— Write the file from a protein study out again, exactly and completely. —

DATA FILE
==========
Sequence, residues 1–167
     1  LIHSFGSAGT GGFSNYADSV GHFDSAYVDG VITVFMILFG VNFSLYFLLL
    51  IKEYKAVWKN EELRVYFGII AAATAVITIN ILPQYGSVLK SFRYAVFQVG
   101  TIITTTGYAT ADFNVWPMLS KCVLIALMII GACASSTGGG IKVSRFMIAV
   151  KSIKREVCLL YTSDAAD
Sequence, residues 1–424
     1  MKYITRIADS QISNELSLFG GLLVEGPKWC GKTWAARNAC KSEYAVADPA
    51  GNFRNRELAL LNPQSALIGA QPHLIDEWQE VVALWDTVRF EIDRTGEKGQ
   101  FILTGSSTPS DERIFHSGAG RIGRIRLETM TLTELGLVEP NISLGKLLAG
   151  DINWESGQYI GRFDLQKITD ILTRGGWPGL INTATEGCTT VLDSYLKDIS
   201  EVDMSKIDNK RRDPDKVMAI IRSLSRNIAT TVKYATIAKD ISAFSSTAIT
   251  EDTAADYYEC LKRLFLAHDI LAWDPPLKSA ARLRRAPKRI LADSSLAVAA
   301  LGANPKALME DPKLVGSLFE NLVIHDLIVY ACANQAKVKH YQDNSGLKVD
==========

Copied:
Sequence, residues 1–167
     1  LIHSFGSAGT GGFSNYADSV GHFDSAYVDG VITVFMILFG VNFSLYFLLL
    51  IKEYKAVWKN EELRVYFGII AAATAVITIN ILPQYGSVLK SFRYAVFQVG
   101  TIITTTGYAT ADFNVWPMLS KCVLIALMII GACASSTGGG IKVSRFMIAV
   151  KSIKREVCLL YTSDAAD
Sequence, residues 1–424
     1  MKYITRIADS QISNELSLFG GLLVEGPKWC GKTWAARNAC KSEYAVADPA
    51  GNFRNRELAL LNPQSALIGA QPHLIDEWQE VVALWDTVRF EIDRTGEKGQ
   101  FILTGSSTPS DERIFHSGAG RIGRIRLETM TLTELGLVEP NISLGKLLAG
   151  DINWESGQYI GRFDLQKITD ILTRGGWPGL INTATEGCTT VLDSYLKDIS
   201  EVDMSKIDNK RRDPDKVMAI IRSLSRNIAT TVKYATIAKD ISAFSSTAIT
   251  EDTAADYYEC LKRLFLAHDI LAWDPPLKSA ARLRRAPKRI LADSSLAVAA
   301  LGANPKALME DPKLVGSLFE NLVIHDLIVY ACANQAKVKH YQDNSGLKVD